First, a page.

Judging by Garcia’s unexpected electoral success, pushing Emanuel into a runoff as a New Left Democrat who’s too pro-capitalist (!) for Chicago, and the Times piece, Chicagoans may be ready to swap a government-controlled economy for a government-controlled life. This is what they’re likely to get under Jesus Garcia, 58, a county commissioner, former alderman and Chicago community organizer like Obama. Garcia, who came to America as a child, admires Cesar Chavez and seeks to impose “social justice” with more government control imposed by more police officers, giving government-run schools “back to the people” which usually means less school choice, more school dictates and higher taxes. As the Times described the views of one voter, Rosa Alfaro: “[S]he is not sure how Mr. Garcia would fix the pension crisis, or pay for the new police officers he has promised to hire, or improve the struggling public schools. But she is willing to give him the benefit of the doubt.”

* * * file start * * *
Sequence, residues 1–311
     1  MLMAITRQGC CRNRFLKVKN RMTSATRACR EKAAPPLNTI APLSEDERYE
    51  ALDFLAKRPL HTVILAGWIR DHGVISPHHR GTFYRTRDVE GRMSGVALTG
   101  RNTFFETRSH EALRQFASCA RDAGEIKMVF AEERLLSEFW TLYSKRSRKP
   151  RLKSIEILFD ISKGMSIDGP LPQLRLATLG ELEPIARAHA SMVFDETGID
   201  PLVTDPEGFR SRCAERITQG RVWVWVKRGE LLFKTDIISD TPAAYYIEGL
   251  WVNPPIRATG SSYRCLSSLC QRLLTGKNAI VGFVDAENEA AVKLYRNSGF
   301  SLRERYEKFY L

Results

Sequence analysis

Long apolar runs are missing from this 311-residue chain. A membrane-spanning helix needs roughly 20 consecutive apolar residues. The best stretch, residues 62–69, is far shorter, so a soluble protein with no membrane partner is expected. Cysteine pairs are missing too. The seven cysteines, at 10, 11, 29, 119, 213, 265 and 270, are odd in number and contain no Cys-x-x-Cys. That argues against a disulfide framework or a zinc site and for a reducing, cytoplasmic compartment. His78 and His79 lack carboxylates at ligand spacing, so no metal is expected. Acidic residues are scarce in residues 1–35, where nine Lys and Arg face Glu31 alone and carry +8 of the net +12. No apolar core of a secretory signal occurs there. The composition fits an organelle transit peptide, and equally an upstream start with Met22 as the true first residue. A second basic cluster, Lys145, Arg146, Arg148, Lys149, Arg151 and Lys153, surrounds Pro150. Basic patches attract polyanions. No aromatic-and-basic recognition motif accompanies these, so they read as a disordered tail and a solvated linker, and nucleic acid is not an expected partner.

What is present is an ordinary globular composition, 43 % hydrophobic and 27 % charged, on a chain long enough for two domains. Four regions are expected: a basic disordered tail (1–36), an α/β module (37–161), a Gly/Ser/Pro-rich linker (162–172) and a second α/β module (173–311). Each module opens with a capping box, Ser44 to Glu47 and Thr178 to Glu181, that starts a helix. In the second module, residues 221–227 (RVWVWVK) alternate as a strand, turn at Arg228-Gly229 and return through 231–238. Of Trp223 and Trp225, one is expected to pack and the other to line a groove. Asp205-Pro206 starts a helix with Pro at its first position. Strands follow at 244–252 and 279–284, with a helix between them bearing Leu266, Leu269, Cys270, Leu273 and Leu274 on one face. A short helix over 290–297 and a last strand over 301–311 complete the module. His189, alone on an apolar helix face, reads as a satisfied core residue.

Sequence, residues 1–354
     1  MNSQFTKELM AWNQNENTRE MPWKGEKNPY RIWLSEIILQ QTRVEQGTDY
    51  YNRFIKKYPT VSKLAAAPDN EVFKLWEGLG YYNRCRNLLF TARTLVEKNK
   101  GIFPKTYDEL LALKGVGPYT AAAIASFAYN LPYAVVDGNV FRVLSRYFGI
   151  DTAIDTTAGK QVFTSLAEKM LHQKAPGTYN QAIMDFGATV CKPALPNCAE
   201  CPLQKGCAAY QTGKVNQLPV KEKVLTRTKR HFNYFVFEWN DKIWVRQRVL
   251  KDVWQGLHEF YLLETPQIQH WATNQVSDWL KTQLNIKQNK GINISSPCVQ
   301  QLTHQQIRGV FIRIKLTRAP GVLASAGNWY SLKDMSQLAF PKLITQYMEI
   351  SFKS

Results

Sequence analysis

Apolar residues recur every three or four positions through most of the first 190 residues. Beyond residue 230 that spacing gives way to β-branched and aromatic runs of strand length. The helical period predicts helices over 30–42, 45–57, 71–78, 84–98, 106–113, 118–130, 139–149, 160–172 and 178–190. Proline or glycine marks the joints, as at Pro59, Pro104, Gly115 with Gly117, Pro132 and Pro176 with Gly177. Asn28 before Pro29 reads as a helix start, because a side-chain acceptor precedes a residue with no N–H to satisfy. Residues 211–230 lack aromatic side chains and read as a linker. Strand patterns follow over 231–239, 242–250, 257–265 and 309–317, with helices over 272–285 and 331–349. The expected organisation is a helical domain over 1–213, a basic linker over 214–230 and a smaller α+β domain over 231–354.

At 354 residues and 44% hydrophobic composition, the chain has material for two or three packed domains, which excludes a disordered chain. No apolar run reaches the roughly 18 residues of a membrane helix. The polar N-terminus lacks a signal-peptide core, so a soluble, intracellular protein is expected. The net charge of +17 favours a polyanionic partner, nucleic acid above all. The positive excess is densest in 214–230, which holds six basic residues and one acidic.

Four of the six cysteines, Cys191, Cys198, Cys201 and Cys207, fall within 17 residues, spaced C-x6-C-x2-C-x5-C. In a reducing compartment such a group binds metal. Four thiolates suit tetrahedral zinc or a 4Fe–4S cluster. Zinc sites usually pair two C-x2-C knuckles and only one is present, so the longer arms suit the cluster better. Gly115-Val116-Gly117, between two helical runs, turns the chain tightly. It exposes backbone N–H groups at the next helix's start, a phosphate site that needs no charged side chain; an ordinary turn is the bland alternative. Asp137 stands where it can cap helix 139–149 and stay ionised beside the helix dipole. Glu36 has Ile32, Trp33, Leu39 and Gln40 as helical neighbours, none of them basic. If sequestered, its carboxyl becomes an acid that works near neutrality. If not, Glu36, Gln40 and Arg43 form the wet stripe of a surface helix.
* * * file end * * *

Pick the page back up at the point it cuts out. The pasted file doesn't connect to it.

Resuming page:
In the words of one of his biggest backers, people have faith in Jesus Garcia: “They’ll trust him, they’ll believe in him.”

With faith—in the state (“public” schools, TSA, NSA, DWP, ObamaCare, etc.), in God, in the collective—rising above reason, and Mayor DeBlasio and President Obama among others as examples of radical New Left politicians taking enormous power over people’s lives in real, demonstrable terms, Jesus Garcia may become mayor of Chicago. Will Chicago’s people have faith in the blank slate Jesus Garcia? No one in Chicagoland should be surprised if and when people will.